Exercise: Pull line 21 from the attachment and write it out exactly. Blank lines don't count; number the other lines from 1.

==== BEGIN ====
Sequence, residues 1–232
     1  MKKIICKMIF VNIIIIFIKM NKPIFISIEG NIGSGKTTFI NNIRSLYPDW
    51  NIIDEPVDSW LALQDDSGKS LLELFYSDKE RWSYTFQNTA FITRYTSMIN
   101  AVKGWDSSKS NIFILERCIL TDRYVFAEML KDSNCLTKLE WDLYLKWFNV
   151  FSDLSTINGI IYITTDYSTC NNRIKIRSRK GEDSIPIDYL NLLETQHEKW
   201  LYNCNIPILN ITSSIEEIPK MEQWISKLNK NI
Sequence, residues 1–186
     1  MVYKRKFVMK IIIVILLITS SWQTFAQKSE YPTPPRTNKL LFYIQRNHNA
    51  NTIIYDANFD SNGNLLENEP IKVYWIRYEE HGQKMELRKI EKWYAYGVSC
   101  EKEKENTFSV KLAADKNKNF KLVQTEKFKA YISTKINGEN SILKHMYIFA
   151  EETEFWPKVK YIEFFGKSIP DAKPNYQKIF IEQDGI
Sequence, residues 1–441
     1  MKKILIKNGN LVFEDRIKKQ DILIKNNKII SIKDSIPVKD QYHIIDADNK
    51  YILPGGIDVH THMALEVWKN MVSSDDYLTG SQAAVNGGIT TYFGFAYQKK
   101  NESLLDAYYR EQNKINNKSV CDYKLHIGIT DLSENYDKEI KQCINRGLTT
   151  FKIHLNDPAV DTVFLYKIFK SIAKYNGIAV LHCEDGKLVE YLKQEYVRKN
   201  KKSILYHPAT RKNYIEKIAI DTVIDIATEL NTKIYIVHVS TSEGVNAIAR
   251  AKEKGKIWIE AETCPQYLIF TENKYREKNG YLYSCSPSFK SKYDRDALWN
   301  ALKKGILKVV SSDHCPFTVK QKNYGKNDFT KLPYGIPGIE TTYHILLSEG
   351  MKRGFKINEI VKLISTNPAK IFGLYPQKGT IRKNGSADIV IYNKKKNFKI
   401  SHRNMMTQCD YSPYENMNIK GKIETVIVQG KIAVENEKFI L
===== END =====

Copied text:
   401  SHRNMMTQCD YSPYENMNIK GKIETVIVQG KIAVENEKFI L